What to Watch This Weekend: Bandit

Bandit is the (true!) story of Gilbert Galvan, Jr (Josh Duhamel). In the middle of doing time for petty crime, Galvan escapes from prison and slips into Canada during 1984. There, he begins a new life under a brand-new identity and meets his future wife Andrea (Elisha Cuthbert). Now going as Robert Whiteman, Galvan struggles to find reliable work to support his family but does discover he has one talent: robbing banks. As his schemes become increasingly more elaborate Galvan/Whiteman comes under the tutelage of a local mobster Tommy Kay (Mel Gibson) and the stakes escalate. Eventually his criminal activity catches the attention of Detective John Snydes (Nestor Carbonell) who vows to bring the slippery thief to justice.

What works in Bandit is the so strange-it-must-be true tale, powered by Duhamel’s charisma. The portrayal of Whiteman is infectiously affable, and it helps answer the obvious question: how in the world did this guy not get caught? From the opening credits to the close, director Allan Ungar (Tapped Out) keeps audiences engaged on a wild ride filled with adrenaline and laughs. And there-in lies the secret to Bandit’s success—this is not a film packed with action sequences, intense car chases, or dramatic shootouts. Instead, Bandit simply tells its story of thievery which at times gets so fantastical, Ungar flashes text on the screen such as “this actually happened,” to address the exact the moments audiences would likely be skeptical. There’s an airiness to the whole affair which keeps the entertainment at high levels throughout.

Related: Josh Duhamel And Dan Bekkedahl Bro Down In Buddy Games [Exclusive Interview]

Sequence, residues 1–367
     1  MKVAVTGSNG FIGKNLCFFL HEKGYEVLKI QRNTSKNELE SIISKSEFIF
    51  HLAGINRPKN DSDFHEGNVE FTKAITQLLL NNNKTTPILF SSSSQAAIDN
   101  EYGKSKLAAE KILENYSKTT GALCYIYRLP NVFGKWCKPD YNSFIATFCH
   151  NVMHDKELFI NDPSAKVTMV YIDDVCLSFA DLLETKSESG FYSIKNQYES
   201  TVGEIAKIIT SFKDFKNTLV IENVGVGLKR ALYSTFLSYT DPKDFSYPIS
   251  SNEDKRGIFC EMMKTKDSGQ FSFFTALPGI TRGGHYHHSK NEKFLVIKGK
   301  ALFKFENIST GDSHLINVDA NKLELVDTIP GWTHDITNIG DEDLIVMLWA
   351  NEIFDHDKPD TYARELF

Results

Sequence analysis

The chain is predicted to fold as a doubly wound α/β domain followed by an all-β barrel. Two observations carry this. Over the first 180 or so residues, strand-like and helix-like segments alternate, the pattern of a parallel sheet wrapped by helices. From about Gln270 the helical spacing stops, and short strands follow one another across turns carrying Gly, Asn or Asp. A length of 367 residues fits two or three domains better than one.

Individuals who don’t enjoy stories where they can smell the inevitable coming a mile way, or casting a duplicitous criminal in a positive light, may not enjoy Bandit as much as others. Even for those people unfamiliar with this tale, it is obvious how Whiteman’s career trajectory will end. Some audience members may not relish waiting for that other shoe to drop for the entire runtime. Additionally, while Bandit never glorifies or justifies Galvan/Whiteman actions, he’s certainly the star and the film wants you to at least like him. This is meant to explain, if not simulate, just how he was able to rather peacefully rob so many banks with relative ease. But just the fact that this unabashed criminal and serial liar is given any positive slant may rub individuals the wrong way.

Bandit is the kind of movie that is easy to recommend to many people. It’s not flashy or bombastic in any way, so it uses real-life events coupled with strong writing and almost unexpectedly great performances to elevate the source material into a final product that is engrossing and just plain fun.

Audiences can find Bandit on digital streaming platforms now.

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